by David Bean

The House of Commons has heard a statement from Sir Geoffrey Clifton-Brown MP on behalf of the Public Accounts Committee (PAC) marking its publication of a new report on government actions to combat waste crime.

The Countryside Alliance has long campaigned on the problem of fly-tipping in the countryside. Our members, including farmers and rural businesses, frequently face having to clear up fly-tipped waste from their land at great cost and are resorting to drastic measures to deter the crime, such as blockading gates and field entrances with machinery and other items.

Clearly, therefore, fly-tipping is not a victimless crime and government figures on fly-tipping only tell part of the story. As the Committee highlighted, official figures on the number of incidents on private land and the associated clear up costs are patchy. Evidence suggests that private landowners spend upwards of £47 million a year clearing up fly-tipped waste, but even this figure is widely accepted to be on the low side.

Speaking in the House of Commons, Sir Geoffrey said:

“Waste crime is a large and costly problem that causes great angst both to those who are directly affected by waste ending up on their land, leaving them to clear it up, and to the public who deserve to be able to enjoy clean and healthy towns and countryside. The PAC has clearly set out its concern about how Government are combating it, and most crucial is the lack of strategy or plan for achieving their hugely ambitious target of eliminating waste crime by 2043. This could be a huge win for the Government and the people of this country, and I urge DEFRA to get on with it.”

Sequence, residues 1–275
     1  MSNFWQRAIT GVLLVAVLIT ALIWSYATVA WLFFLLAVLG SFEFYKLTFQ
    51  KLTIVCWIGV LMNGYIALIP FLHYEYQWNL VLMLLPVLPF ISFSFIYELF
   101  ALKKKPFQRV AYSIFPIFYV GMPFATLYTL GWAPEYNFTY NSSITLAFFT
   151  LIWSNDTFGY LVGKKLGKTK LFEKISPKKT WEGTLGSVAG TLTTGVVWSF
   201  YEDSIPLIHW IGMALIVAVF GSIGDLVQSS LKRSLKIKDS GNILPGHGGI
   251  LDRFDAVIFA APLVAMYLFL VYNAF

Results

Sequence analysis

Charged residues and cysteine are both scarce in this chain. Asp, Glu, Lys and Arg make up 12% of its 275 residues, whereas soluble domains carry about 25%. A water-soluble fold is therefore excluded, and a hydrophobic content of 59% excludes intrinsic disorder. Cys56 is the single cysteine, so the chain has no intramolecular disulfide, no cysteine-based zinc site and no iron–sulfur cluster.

The Public Accounts Committee’s report, available here, makes seven key observations and accompanying recommendations:

  1. The Government’s 2018 Resources and Waste Strategy is being delivered too slowly. Progress should be accelerated and Defra should provide an outline plan for meeting its ambition to eliminate waste crime by 2043.
  2. Data on the scale of waste crime are inadequate and not convincingly improving. New solutions should be developed, including innovative techniques such as the use of satellite monitoring.
  3. While it has helped increase recycling rates, landfill tax has raised the incentives to commit waste crime and HMRC has been too slow to prosecute violations. This should be considered in the current landfill tax review and HMRC should report on its progress on improving prosecution.
  4. Penalties for waste crime are not a sufficient deterrent, with organised criminal gangs regarding fines as merely a business expense. Enforcement should be improved and the sentencing guidelines further considered.
  5. Local authorities need more support to tackle fly-tipping; Defra should set a national framework.
  6. The Environment Agency should write to the Committee with more detail on the scale of illegal waste export, and further plans to tackle it.
  7. Despite a new digital waste tracking system being a key element of the 2018 Strategy, four years later its scheduled implementation is still another two years away. Defra should write to the Committee with details of its IT contracting and implementation plans.

We last briefed MPs on the devastating impact of fly-tipping and waste crime on rural communities in May, and will continue to highlight it on their behalf. To support our work, please consider joining the Countryside Alliance today.

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